c.2014 New York Times News Service

c.2014 New York Times News Service

PARIS — Youth is the cause célèbre here. There is a sour sense that the next generation of great designers has yet to come. Figuring out who they are is part of the task of the newly established LVMH Prize. It will offer 300,000 euros (about $412,000) and industry mentorship to the winner of an open contest, provided he or she is younger than 40, with at least two collections already in hand.

Who is the face of youth?

Maybe it is the effervescent Simon Porte Jacquemus, 24, one of 30 semifinalists, whose line, Jacquemus, is humming with buzz. He called his fall runway show “La Femme Enfant” (“The Baby Girl”). His idea, he said, had been to have something “very raw and fresh, but very naïve.” His oversize, cartoony garments, made of spongy neoprene in crayon colors — he compared the texture to children’s play mats — had a childlike perversity that both charmed and jarred. It plunged guests waist-deep into its childhood world, right down to its collection-complementing uniform: a brightly dotted smock handed out to each attendee to don for the show.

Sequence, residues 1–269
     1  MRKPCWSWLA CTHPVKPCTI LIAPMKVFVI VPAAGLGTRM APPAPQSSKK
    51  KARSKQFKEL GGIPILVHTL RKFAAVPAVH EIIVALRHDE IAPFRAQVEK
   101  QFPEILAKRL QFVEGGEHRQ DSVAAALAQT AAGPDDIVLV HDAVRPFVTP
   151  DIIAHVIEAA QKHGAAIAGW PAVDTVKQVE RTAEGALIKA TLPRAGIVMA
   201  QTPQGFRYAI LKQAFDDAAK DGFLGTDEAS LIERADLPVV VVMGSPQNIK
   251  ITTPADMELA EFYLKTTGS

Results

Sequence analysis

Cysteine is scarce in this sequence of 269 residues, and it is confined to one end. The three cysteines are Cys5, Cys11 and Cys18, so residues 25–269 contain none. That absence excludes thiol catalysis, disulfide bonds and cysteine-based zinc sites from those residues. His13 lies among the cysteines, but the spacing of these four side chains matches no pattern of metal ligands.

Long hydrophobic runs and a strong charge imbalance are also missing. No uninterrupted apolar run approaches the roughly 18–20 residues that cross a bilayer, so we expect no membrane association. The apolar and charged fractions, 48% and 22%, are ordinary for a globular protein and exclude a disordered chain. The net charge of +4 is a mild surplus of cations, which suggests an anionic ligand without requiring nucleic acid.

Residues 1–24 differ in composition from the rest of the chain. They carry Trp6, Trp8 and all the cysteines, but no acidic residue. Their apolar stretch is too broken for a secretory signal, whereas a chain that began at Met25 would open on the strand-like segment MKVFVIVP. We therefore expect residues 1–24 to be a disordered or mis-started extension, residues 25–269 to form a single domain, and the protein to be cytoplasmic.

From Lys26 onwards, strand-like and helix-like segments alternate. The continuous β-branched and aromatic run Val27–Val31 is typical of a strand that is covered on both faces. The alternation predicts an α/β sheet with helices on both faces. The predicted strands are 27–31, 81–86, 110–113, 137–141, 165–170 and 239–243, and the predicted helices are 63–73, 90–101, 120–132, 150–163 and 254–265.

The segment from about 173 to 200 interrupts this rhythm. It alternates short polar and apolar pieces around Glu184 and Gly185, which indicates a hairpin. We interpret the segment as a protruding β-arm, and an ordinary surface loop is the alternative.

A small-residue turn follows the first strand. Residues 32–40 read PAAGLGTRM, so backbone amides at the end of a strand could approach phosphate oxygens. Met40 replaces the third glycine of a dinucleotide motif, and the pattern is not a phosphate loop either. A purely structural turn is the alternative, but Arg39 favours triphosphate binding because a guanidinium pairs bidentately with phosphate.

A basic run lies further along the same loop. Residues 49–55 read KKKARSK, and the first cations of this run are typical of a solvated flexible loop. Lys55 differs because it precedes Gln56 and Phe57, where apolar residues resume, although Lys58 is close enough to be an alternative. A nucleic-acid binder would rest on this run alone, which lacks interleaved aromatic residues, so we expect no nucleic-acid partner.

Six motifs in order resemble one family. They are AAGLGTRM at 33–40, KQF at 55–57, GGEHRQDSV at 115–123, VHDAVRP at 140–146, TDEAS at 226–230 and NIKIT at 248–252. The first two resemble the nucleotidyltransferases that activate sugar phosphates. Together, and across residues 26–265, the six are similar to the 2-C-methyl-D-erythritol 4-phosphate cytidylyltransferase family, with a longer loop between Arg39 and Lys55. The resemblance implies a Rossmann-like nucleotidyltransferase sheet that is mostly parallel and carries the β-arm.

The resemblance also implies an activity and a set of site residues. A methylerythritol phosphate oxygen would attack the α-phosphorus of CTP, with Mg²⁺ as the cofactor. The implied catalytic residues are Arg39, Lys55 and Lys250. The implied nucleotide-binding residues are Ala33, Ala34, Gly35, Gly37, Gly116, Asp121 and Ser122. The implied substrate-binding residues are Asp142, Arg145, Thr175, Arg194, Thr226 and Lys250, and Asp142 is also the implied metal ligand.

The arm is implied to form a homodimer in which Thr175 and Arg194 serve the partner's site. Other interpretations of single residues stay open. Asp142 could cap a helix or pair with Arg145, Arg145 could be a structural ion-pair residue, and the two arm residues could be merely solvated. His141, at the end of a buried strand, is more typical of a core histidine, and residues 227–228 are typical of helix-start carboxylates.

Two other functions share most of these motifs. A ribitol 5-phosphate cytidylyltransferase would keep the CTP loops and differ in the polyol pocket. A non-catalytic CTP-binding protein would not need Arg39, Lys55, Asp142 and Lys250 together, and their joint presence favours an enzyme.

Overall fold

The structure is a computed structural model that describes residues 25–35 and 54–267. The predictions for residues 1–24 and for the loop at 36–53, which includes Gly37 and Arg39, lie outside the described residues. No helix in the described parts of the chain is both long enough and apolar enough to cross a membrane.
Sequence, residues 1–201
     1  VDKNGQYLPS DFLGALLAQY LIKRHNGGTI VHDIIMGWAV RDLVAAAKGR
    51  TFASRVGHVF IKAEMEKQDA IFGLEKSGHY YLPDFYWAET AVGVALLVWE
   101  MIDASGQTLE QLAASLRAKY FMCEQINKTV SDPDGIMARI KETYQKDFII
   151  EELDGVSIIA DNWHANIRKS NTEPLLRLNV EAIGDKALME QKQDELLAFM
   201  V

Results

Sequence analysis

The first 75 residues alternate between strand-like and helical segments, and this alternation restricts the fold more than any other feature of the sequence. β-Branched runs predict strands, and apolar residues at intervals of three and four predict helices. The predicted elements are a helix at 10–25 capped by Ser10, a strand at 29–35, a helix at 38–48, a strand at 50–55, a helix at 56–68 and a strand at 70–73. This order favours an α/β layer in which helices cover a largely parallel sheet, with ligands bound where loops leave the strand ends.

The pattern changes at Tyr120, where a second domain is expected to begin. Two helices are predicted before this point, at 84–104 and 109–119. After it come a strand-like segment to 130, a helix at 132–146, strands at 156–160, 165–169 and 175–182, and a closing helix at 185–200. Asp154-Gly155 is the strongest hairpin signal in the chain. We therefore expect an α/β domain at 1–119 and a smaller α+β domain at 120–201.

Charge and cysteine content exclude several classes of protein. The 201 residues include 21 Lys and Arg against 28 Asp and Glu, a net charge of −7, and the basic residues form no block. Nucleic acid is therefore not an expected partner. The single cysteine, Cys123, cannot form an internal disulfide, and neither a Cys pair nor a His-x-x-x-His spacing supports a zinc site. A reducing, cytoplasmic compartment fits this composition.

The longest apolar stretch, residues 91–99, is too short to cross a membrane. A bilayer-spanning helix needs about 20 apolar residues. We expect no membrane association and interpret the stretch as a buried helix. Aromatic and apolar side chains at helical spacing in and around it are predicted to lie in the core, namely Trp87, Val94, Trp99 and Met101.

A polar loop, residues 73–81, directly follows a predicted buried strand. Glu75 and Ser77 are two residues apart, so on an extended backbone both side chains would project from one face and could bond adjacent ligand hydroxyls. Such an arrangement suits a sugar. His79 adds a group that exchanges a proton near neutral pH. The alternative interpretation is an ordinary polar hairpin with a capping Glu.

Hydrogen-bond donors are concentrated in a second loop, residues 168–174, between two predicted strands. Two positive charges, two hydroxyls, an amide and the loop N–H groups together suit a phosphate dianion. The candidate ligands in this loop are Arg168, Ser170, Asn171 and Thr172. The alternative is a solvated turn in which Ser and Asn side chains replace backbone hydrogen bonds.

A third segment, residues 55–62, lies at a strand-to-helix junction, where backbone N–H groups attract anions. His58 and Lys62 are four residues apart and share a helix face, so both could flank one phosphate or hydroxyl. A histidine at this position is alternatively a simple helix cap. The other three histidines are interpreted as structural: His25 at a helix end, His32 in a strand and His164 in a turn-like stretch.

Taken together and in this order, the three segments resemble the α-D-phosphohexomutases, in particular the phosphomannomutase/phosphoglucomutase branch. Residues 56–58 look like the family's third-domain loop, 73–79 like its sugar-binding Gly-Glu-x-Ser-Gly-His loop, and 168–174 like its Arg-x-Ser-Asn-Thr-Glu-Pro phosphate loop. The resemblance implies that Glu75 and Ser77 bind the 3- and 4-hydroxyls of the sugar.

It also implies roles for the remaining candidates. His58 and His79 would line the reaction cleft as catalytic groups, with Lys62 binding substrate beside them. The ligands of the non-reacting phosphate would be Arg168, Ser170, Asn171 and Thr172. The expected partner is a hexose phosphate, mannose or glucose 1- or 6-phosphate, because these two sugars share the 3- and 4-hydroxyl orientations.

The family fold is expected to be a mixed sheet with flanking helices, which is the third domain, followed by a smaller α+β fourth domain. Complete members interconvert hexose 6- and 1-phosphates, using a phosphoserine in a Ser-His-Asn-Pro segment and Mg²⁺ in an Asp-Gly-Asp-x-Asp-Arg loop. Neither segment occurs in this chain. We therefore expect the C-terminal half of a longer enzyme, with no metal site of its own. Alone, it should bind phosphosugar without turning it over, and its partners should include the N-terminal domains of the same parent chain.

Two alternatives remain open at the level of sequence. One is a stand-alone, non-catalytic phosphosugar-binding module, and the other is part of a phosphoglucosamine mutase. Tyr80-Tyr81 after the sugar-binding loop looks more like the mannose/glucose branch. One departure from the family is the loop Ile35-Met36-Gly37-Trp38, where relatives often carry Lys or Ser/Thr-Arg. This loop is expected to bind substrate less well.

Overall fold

The buzz attending Jacquemus’s ascent did not drown out dissenters, who wondered if grown women long to dress like la femme enfant. But his daffy, cheerful show did suggest that one might like to have what he’s having. Especially since two of fashion’s sharpest-eyed spotters of avant-talent, Rei Kawakubo and Adrian Joffe of Comme des Garçons, have fixed on him as one to watch.

Or maybe youth is another competitor, Yang Li, 26. If Jacquemus stakes a claim to child’s play, Li aims for adult polish — up to a point. He began with the stuff of traditional luxury (fur, calf, double-face wool-cashmere), then twisted the knife. A single piece might be exactingly constructed, then rent to its raw edges by the hem. (It was, he said, a constant challenge to persuade his factories in Italy, accustomed to perfection, to tear apart their pieces.) “For me, this is the answer to modern luxury,” he said. “It needs to be more than perfection.” It lent a touch of anarchy to his poise.

Or then, of course, it could be one of 28 others. But even with the rage for youth in full flare, Paris Fashion Week also put forth plenty of seasoned designers whose examples would be worth following. One is Christophe Lemaire, whose collections make a case for forging one’s own path (not least because Lemaire’s led him to Hermès, where in 2010 he was named women’s designer). Lemaire’s heroine is flinty and strong, more Katharine Hepburn than Katy Perry, and he doesn’t hesitate to bundle her in layers of yak wool, felt, alpaca and gabardine. But his clothes have a quiet appeal, and it’s not hard to imagine women wanting to wear them. It may not hurt that he designs with one: his partner, Sarah-Linh Tran. She appears even more reticent than Lemaire. But, he said with a smile, “She’s the boss.”